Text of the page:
This has long been my torch to bear. Assessment, especially standardization of delivery for that assessment in schools, does not measure ability longitudinally. Schools, generally, do not evaluate students' incremental growth on testing year-over-year. Measurement is a snapshot in time. So what if a student experiences significant growth and understanding 30-45 days AFTER the test? Doesn't matter. This is an issue from pre-K through university level. Standardized testing measures whether students meet a specific benchmark AT A SPECIFIC TIME. This is ludicrous! The benchmarks being measured do not give us a real picture of whether there is potential mastery of a concept. Imagine if, when you had taken your baby for his one-year visit, your doctor said, "Well, he's not walking now. You'd better get some specialized help here." Imagine that your baby STILL wasn't walking four months later? Would you assume that this child would never be able to effectively use his legs? Of course not. So, why do we make these assumptions in the educational realm? What do these tests truly measure?
1) Executive functioning.
Students who naturally excel in organizational abilities are able to succeed in school because the institution rewards such skill sets. These people turn work in on time, can find the papers and books to study when needed, can plan ahead, and can categorize information in their heads with ease. The most creative students are often weak in or lack this skill. Does that mean they do not understand the material? Not necessarily. Does it mean they cannot think through complex problems and processes? No, it does not. It means organizing, categorizing, and understanding time and planning do not come naturally to them. Processes can be learned over time.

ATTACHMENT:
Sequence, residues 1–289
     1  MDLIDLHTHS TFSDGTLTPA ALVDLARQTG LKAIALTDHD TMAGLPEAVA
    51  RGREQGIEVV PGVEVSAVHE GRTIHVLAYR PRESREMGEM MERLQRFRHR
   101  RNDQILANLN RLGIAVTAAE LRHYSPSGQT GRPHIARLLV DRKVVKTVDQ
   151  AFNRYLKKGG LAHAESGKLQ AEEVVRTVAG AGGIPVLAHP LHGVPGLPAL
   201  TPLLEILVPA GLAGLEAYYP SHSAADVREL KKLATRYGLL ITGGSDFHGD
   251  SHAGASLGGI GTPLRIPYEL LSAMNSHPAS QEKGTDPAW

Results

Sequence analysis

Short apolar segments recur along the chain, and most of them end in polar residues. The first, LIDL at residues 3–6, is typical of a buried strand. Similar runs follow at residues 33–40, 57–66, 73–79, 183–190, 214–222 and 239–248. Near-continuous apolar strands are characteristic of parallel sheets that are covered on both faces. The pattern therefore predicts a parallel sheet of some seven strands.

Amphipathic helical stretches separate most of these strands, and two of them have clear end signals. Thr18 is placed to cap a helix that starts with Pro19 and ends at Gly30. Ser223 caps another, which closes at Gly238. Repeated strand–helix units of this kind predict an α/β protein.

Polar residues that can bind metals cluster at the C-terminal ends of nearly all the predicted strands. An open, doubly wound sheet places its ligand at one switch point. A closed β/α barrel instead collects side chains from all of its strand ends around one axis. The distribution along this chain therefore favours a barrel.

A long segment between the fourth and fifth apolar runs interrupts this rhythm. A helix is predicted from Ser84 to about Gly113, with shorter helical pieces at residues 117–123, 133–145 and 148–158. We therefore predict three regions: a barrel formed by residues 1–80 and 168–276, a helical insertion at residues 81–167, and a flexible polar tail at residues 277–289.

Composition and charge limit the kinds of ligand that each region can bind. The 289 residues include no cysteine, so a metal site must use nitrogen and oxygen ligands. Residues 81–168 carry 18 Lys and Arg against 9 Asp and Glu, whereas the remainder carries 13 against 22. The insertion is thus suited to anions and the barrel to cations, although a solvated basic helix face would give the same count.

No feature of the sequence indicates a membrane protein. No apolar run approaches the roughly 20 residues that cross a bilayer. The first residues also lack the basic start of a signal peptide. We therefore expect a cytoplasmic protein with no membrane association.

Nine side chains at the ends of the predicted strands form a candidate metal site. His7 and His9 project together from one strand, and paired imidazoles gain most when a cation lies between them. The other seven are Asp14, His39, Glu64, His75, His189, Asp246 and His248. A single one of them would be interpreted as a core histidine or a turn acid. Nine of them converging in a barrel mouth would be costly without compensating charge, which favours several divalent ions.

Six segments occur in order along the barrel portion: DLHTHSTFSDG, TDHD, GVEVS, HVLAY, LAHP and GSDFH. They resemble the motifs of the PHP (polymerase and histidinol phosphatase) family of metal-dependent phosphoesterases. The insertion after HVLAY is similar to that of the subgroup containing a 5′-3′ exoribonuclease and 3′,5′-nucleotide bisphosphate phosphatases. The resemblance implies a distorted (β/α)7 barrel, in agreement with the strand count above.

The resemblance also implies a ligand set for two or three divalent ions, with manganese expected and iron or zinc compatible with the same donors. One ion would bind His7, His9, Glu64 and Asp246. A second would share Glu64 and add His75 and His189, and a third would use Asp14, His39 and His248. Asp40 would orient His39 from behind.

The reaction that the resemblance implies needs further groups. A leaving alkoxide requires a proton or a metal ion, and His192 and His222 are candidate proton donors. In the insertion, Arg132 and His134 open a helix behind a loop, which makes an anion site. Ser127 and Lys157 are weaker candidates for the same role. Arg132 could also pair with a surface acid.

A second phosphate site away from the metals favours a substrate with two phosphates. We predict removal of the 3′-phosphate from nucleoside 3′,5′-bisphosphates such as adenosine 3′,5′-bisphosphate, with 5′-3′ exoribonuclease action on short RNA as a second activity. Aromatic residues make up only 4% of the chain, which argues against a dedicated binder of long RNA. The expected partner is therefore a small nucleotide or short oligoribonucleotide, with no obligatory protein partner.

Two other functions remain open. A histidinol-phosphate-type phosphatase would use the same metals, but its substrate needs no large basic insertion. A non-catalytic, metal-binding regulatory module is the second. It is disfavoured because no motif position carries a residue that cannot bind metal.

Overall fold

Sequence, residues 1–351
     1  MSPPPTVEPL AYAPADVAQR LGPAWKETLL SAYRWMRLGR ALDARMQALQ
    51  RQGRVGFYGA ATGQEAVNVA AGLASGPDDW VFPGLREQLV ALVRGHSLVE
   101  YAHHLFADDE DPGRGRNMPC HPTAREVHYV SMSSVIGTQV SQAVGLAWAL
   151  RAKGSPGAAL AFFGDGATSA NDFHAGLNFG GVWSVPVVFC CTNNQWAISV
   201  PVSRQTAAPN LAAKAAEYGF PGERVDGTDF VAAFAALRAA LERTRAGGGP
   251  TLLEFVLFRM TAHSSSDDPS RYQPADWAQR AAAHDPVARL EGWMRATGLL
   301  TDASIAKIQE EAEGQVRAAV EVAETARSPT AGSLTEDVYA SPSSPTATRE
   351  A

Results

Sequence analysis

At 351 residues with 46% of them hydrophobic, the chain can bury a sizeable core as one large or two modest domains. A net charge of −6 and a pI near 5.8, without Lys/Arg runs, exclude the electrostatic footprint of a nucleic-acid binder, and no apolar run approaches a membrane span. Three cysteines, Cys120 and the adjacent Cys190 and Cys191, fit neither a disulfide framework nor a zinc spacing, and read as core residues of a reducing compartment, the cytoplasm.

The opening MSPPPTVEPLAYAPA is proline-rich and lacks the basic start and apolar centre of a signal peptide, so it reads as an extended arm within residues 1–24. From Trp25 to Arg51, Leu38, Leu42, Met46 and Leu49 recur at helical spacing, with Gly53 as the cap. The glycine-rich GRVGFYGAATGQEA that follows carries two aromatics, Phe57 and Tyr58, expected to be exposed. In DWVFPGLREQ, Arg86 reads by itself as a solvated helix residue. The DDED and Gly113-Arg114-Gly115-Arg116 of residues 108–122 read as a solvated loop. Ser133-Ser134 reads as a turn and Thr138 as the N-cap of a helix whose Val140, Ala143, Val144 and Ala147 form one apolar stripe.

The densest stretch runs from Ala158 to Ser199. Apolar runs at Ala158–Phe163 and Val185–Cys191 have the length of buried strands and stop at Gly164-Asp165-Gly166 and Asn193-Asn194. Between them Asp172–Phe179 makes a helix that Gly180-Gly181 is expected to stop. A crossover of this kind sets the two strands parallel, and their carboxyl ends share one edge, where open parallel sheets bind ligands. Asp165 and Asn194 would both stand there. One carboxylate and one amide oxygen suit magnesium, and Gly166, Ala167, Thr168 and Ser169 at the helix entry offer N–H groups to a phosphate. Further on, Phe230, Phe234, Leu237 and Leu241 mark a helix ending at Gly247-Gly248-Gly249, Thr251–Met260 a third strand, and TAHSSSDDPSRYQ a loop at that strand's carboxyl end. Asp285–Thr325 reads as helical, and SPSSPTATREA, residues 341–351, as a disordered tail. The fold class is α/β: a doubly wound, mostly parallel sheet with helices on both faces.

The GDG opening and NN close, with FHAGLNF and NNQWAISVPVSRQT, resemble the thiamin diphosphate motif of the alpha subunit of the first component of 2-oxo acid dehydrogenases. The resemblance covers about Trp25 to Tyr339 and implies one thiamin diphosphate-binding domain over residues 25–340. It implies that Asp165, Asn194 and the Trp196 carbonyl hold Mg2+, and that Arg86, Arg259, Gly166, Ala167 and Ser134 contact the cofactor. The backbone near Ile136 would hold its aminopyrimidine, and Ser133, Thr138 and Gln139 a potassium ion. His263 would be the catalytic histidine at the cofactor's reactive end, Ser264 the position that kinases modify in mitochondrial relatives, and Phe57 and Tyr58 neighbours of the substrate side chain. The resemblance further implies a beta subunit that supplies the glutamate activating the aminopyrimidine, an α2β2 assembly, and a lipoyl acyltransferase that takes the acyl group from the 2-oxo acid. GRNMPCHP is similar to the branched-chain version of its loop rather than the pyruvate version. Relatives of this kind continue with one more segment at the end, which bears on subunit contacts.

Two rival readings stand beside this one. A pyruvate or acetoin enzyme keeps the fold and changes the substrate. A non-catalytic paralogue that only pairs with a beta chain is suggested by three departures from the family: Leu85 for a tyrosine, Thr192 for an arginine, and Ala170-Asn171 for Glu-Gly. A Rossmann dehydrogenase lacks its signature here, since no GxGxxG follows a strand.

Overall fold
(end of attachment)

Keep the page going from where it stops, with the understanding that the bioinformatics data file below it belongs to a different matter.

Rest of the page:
2) Logical thinking, not creative thinking.
Remember being taught how to use the process of elimination on a multiple choice test? Many standardized tests are designed specifically to test the student's ability to narrow down to two options and then choose the "correct" answer. I contend that often more than one answer is correct, depending on how the question is interpreted. "It depends" is often a valid answer. But standardized tests don't provide an answer with a caveat. Problems are designed to determine whether a student can follow a logical sequence of reasoning while applying a set of rules, mainly to make scoring efficient. This is a specific ability that is not as critical as creative, divergent thinking if we are to survive our future.
3) Rapid processing.
Tests are timed. Why? Time is money. The business world seeks efficiencies in the form of more powerful computer algorithms, logistics for movement and delivery of goods and products, stronger accuracy at the cash register. The volume of tiny efficiencies adds to the bottom line of any business, including the testing industry. But education, originally designed as an industrial format, is not in the 'business' of generating income. Or, I should say, it shouldn't be. Money now dictates decision making in education, too. Logically, I understand this. The institution is caught between the need to run without a deficit, and the need to attend to its 'customers' as individuals.